Remember Sam McGuffie? If you've ever fallen down an Internet rabbit hole of high school football highlights, you probably know the name.
McGuffie ran for more than 1,500 yards during a college career split between Michigan and Rice. He landed on a few NFL practice squads and stuck with the Winnipeg Blue Bombers of the CFL for a full season. But the former running back is best remembered for hurdling and flipping his way through Texas high school defenses and millions of YouTube hits.
His newest adventure has McGuffie leaping again, this time into a bobsled. The 26-year-old is one of six rookies to make the U.S. national team, which begins its World Cup season at the end of the month. Two of his first-year teammates also played college football -- former Oklahoma State wide receiver Nathan Gilsleider and former (Div. II) Virginia-Wise running back Hakeem Abdul-Saboor. They are the latest converts to a relatively obscure sport that more and more often is cherry-picking its top athletes from the world of football.
"I want to compete at a high level, but I wanted to see what else was out there," McGuffie said. "I didn't know what direction I was going to take, but I knew I was going to do something."
So how did a kid from Cypress, Texas, end up turning to the ice for his competitive fix? That path starts with another highlight-inducing running back and a made-for-TV obstacle course.
Herschel Walker was nearing the peak of his NFL career when he met Olympic gold-medal hurdler Edwin Moses while shooting the network television show "Superstars." Moses told Walker and fellow NFL player Willie Gault they had a perfect build for bobsledding. Walker had heard of the sport only in passing, but he agreed to travel to Lake Placid with Moses and Gault to try out for the national team.
"Basically, if it's a competition, I want to do it," Walker said.
Walker made the team before returning to Minnesota for the Vikings' preseason he camp. He ran for 825 yards, and when the NFL season finished, he rejoined the bobsled squad. A month of training later, he and driver Brian Shimer finished seventh at the '92 Olympics, three-tenths of a second away from the medal stand.
Two decades later, the recruiting process is a little more fine-tuned, and football players remain a central part of finding the "push men" to power sleds down the track. Walker was the most high-profile football player in the first wave of converts, and he opened the door for future football players to join the sport.
Darrin Steele, CEO of the U.S. bobsled and skeleton federation, said roughly half the guys in bobsledding have a football background, and he's always looking for more. Steele and company have a network of strength coaches in college programs who help identify potential bobsledders. Word about the sport also spreads at offseason training facilities among players who are battling to hang on in football.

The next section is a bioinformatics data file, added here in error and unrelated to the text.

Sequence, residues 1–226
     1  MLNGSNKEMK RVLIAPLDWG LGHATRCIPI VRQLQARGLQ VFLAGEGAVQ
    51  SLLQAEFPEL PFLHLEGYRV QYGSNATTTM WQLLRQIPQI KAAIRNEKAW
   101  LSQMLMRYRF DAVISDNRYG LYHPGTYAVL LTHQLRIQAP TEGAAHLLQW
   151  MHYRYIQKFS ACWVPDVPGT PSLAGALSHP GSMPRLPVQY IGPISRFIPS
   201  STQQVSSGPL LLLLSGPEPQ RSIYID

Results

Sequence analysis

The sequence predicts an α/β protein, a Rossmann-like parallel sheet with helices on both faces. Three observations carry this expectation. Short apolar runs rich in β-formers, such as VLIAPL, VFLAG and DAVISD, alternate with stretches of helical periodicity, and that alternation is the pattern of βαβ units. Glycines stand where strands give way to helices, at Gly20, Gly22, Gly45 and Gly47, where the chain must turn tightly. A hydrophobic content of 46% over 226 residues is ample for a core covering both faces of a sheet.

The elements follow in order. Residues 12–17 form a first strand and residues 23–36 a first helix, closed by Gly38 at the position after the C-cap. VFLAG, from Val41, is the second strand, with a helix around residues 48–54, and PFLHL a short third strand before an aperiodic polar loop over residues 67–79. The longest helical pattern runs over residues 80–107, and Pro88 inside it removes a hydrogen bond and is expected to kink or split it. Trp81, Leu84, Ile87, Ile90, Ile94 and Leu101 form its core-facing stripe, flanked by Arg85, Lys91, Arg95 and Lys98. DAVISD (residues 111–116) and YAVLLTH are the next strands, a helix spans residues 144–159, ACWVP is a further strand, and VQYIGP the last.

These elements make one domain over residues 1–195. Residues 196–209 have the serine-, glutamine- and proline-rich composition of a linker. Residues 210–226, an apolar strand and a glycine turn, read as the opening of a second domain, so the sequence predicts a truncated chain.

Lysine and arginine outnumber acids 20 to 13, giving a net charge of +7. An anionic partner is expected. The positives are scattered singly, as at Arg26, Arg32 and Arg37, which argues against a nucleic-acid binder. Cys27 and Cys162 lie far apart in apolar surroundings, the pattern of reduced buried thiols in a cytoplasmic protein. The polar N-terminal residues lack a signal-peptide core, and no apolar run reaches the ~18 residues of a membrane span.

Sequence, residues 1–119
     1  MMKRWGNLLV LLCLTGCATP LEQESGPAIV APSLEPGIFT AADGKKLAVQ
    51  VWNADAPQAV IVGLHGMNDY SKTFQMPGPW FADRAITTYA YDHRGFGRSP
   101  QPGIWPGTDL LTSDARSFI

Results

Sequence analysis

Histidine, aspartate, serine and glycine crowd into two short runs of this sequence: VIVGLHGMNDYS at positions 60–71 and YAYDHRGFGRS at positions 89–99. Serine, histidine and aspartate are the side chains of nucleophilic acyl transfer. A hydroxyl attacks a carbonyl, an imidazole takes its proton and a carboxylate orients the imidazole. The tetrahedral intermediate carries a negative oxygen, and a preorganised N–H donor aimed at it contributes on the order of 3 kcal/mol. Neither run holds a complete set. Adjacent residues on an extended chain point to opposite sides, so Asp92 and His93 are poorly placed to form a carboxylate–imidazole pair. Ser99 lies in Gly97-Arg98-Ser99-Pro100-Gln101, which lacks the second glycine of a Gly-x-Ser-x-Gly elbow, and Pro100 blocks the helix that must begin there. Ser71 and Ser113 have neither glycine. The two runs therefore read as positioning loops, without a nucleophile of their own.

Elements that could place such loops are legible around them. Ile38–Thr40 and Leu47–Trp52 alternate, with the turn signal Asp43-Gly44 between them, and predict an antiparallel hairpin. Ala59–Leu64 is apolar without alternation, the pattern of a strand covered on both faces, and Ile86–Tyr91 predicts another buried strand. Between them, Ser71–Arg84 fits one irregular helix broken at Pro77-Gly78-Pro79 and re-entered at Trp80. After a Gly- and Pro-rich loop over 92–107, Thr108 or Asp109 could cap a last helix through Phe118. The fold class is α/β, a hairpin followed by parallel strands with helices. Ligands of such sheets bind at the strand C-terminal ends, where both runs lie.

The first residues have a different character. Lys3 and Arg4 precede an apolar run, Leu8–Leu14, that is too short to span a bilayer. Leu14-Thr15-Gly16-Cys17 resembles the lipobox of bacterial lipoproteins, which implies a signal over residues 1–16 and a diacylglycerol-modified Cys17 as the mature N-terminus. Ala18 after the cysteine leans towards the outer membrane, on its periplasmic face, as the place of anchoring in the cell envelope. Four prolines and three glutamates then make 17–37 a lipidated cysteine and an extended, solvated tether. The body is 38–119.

Running backs, it turns out, are especially suited to be push men. Steele looks for athletes who weigh between 200 and 210 pounds with strong lower bodies. A bit of heft is helpful in a sport that relies heavily on gravity. A running back's bottom-heavy frame helps keep the sled's center of gravity low and, of course, provides power for the running start.
"We go after athletes that have been doing the training that it takes to be an Olympic bobsledder, they just don't realize they're doing it," Steele said. "If there's some interest, they're 90 percent there. We've just got to get them the other 10 percent, which is the skill that it takes."
The final 10 percent of training -- how to run on ice, when and how to jump into the sled, etc. -- happens quickly. McGuffie, Gilsleider and Abdul-Saboor had less than two weeks of practice on an actual ice track before team trials began in October.
While football training gave them enough of a physical head start to make the team, the new bobsledders agreed that the mental fortitude they developed in football was more useful. They leave the track sore and bruised every day. Legs bang into the sides of the sled while whipping around turns at 90 mph. Heads bob (hence the name) from side to side, and it takes every ounce of core strength to keep the G-forces from pulling them.
Gilsleider, who gave the arena leagues a try after graduating from Oklahoma State, said one veteran prepared him for his first ride by saying it was like jumping in a tin trash can and being kicked down a hill. McGuffie compared the pull of the G-forces to being folded up like an accordion.
"They're both violent," he said, comparing football to bobsledding. "You look at it and think it's just jumping in a sled and you're on your merry way. It's nothing like that. It's like a car crash for a minute straight."
This crop of rookies will get two years of fine-tuning their form before taking a stab at the 2018 Olympic team. In a sport where tenths, if not hundredths, of a second separate gold medalists from those who miss the podium, every technique and bit of movement matters.
Now that Walker, who became an MMA fighter after his football days ended, has that Olympic flame rekindled, the rookies might have some extra competition.
"I think I could be a good push man today," the 53-year-old said. "I still have my speed. I know the technique now. That's the key to everything."